The Basel Committee met on Sunday in order to decide that banks must have common equity equal to at least 4.5% of assets, up from 2%, and the minimum for Tier 1 capital has been raised to 6%. A 2.5% capital conservation buffer will also be necessary, and although the banks must comply with the common equity ratio by 2015, the capital conservation buffer deadline is 2019.
Basel III seems eminently sensible both on the surface and within the pages, most notably the additional countercyclical capital buffer of 2.5% of capital needed by banks during bull markets. Not only could the amount of Tier 1 capital potentially reach 10.5% needed by banks in good times, the BIS has stated that more capital stipulations are on their way.
However, if you look at modern market crises:
2007 Sub-prime market crash
2000 dot.com crash
1998 Long Term Capital Management + Russia
1992 Black Wednesday
1987 Black Monday
1985 Savings and Loan Scandal
1973 Stock Market Crash
You have an average of 5.6 years between each market crisis. Over the last 20 years, the longest period between major market shocks is 7 years. Come 2019, either Basel III will be seen as some arcane regulation as another bull market rages (much as Basel II was in 2006 and early 2007, during the height of the last bull market), or we will be in the midst of a new crisis, and banks will be using Basel III as a stick to hit regulators with, every time the latter implores banks to up lending rates.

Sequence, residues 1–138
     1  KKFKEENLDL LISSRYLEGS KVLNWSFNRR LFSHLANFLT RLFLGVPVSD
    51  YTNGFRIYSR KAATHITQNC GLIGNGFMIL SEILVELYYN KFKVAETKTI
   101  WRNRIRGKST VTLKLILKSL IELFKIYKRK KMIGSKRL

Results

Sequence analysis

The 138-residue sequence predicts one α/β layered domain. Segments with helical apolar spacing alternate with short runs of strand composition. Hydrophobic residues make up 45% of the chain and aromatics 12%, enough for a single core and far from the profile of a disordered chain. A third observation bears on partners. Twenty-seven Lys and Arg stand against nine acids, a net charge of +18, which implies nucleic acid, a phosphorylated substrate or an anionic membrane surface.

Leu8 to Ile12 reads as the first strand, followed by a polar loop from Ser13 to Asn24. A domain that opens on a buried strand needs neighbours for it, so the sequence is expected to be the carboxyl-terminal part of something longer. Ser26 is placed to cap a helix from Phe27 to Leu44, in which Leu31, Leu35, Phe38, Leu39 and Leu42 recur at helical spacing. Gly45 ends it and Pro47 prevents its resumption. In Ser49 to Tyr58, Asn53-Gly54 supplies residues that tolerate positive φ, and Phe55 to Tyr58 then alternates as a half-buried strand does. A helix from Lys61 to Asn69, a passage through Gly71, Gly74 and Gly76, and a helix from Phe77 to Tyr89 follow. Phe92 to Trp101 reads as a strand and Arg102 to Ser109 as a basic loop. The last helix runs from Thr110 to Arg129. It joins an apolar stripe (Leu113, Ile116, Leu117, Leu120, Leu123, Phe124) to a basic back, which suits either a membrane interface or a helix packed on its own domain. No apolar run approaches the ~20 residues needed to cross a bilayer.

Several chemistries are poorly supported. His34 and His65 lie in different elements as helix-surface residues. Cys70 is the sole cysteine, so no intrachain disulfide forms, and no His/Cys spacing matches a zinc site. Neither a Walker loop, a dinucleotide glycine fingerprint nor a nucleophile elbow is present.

Regulators may be worried that forcing banks to submit to capital requirements too soon will trigger a second recession, but as many banks are not lending today, many of the U.S. banks already meet the new requirements, and many have large cash reserves banks are sitting on over $1 trillion according to Federal Reserve data raising capital reserve requirements earlier may not trigger anything worse than more vitriol and lobbying from the banks themselves – although seeing as bank stocks are up today, even that may be watered down. Sometimes the butcher’s knife is best, but then again, to paraphrase every football fan, whod be a regulator?